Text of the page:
I have written extensively about the Morrison et al study in blog posts [1, 2] and in a letter to The Lancet in which I complained about its quality and the study having been registered after it was already well in progress.
The Morrison et al. study:
- Lacked an adequate comparison control group.
- Claimed to be evaluating CBT for psychotic patients refusing medication, but in the course of the psychological treatment, most patients received some antipsychotic medication.
- Had more authors than patients maintained in follow-up.
- Relied on voodoo statistics that ignored the large attrition from an already small sample in arriving at a positive conclusion.
I could go on but I think you get the picture of what I think of this study.
Keith Laws also delivered devastating blog posts about the study (such as 1 and 2) with excellent accompanying music selections. With Peter McKenna, Professor Laws also published a letter in the Lancet. Professor Laws and his colleagues also authored the meta-analysis that Wyke dismissed as “the odd one out” that “is odd.”
Despite Wyke’s evaluation, Professor Laws’ meta-analysis is much more consistent with what has been offered by the Cochrane collaboration. He and his colleagues delivered a devastating reply to Wykes that leaves the Dame looking rather silly and ill-informed:
Keith R Laws, KR, McKenna, PJ Jauhar, S The odd one out. Evidence Based Mental Health.
Professor Wykes discusses the effectiveness of CBT, contrasting the positive findings of her and co-workers’ meta-analysis in 2007 (Wykes et al, 2007) with our recent finding, in a meta-analysis using similar inclusion criteria, of small effects on positive symptoms that became nonsignificant in blind studies (Jauhar et al, 2014). As well as these two ‘comprehensive’ meta-analyses, she considers three recent selective meta- analyses by: Burns et al (2014), van der Gaag et al (2014) and Turner et al (2014). Wykes makes the point that our meta-analysis differs in its conclusions from these others. We would like to clarify why this may be the case, specifically with regard to inclusion/exclusion criteria and the reporting of effect sizes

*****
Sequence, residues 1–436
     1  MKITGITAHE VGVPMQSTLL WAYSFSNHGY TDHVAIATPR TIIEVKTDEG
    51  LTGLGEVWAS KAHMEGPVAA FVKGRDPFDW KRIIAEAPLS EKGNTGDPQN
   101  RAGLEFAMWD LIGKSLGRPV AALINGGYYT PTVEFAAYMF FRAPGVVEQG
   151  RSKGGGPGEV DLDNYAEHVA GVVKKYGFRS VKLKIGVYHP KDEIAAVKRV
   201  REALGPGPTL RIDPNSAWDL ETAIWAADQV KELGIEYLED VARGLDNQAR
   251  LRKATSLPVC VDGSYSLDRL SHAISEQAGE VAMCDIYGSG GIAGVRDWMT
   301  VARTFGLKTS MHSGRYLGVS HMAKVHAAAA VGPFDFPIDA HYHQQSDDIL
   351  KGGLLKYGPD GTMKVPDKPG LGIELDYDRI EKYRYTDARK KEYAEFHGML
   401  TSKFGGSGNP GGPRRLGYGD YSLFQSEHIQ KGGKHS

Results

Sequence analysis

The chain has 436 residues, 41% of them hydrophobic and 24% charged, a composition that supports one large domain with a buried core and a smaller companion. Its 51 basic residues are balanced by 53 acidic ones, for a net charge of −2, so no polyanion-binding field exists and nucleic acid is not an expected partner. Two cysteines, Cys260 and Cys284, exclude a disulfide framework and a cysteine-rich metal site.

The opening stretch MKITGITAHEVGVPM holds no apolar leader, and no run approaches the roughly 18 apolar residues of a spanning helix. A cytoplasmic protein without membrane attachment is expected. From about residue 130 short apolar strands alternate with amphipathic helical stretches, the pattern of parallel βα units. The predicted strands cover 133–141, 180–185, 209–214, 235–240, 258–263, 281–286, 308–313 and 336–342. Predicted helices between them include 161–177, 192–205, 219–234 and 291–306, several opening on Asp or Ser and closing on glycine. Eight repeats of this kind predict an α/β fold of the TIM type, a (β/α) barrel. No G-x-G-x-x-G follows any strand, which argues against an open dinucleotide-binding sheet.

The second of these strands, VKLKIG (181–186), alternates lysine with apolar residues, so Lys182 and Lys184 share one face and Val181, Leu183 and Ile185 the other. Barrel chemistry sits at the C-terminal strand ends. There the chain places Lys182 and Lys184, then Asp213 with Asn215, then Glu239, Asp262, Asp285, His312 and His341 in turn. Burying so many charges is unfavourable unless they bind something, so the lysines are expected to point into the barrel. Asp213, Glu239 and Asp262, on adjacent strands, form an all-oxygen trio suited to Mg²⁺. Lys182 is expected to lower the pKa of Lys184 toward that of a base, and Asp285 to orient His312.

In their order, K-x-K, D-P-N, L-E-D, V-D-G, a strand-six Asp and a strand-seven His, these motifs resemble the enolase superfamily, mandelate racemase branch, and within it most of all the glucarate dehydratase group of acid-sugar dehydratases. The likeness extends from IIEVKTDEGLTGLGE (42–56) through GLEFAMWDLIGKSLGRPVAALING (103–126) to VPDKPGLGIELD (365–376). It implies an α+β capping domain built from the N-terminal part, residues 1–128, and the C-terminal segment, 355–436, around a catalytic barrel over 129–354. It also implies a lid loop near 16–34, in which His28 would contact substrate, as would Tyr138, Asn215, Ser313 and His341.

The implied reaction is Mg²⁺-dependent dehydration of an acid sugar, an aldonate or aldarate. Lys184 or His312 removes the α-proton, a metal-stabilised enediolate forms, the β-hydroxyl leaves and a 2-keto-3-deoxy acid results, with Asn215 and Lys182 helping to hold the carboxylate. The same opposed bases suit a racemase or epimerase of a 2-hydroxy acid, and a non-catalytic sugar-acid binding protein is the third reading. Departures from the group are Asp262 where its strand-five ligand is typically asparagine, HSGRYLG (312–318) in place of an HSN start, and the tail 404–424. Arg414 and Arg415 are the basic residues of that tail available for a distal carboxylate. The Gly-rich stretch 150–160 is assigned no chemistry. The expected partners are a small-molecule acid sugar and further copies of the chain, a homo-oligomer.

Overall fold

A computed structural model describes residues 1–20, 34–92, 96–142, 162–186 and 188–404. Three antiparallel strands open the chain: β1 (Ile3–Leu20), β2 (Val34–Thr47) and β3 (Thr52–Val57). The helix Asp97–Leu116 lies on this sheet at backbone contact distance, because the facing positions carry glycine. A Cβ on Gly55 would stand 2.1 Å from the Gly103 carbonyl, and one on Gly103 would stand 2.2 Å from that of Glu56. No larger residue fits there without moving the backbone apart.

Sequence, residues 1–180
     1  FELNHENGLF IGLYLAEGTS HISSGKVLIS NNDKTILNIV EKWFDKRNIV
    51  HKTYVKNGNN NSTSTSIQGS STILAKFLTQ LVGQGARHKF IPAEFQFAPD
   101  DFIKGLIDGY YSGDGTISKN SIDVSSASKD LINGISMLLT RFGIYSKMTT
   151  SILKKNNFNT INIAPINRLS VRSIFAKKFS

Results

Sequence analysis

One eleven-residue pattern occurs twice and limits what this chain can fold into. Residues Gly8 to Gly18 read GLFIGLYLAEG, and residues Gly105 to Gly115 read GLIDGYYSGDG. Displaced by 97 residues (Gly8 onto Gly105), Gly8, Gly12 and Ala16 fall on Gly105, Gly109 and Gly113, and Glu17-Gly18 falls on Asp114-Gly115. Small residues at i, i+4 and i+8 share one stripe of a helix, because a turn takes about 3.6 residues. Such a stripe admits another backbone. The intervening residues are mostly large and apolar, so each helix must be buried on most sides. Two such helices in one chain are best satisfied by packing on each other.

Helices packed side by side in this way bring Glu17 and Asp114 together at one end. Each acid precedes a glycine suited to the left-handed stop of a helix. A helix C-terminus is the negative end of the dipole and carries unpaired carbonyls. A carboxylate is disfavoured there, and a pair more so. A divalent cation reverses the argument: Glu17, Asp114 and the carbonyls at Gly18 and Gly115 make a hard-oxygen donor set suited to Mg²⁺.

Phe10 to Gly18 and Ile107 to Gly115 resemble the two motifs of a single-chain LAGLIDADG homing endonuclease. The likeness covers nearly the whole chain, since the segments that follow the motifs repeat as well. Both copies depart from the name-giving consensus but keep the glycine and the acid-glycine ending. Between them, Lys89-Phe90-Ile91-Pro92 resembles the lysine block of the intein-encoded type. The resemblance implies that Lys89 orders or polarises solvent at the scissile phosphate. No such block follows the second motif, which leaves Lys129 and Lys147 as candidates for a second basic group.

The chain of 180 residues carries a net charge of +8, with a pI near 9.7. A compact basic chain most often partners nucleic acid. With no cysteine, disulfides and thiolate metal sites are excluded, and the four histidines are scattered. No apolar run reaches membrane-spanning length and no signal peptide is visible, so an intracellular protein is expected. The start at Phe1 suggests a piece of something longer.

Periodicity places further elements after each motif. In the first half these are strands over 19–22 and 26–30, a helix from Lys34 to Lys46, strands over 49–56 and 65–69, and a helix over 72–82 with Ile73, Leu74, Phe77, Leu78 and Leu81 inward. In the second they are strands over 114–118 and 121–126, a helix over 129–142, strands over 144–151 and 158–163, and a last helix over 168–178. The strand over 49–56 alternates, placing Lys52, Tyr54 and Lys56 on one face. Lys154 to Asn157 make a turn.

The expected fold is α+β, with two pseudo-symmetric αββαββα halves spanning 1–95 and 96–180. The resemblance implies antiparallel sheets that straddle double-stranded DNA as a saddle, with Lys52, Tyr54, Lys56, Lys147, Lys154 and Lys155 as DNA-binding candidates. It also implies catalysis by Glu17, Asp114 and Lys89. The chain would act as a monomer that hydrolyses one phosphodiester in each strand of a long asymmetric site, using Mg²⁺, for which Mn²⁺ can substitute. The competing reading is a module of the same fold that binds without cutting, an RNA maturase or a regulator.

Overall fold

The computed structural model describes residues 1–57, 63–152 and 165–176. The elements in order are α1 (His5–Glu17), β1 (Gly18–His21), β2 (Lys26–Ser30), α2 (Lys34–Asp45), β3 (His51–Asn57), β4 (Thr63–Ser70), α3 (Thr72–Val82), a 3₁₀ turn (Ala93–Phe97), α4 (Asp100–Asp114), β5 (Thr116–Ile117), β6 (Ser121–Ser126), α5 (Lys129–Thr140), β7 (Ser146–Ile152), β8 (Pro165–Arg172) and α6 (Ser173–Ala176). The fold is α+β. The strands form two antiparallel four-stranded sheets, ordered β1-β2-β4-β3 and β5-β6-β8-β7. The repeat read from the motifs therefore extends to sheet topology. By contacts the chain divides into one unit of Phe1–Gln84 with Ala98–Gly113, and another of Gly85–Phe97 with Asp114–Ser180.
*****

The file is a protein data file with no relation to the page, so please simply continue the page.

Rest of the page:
It is not immediately apparent why Wykes rejects the obvious explanation for why our meta-analysis had weaker findings than her similarly comprehensive meta-analysis – more recent studies over the intervening years have largely been negative. This interpretation is supported by the fact that only 1 of the 11 studies included in our meta- analysis since Wykes et al 2007, has documented a significant impact of CBT on positive symptoms. Moreover, in the one significant study (van der Gaag et al, 2011) the authors noted that blinding was compromised. It seems inherently unlikely that CBT would somehow work better in treatment- resistant than treatment-responsive patients. To maintain that CBT works against delusions and hallucinations requires rejection of the finding from a comprehensive meta-analysis of little effect against positive symptoms in favour of those of a much smaller one, which employed rather convoluted inclusion and exclusion criteria.
I have offered to debate the authors of this book, but they have consistently refused. In their absence, I have presented detailed critiques in blog posts [1, 2, 3] and what I think is at least an entertaining slideshow from an invited presentation at the Royal Edinburgh.
Prof. Michael Sharpe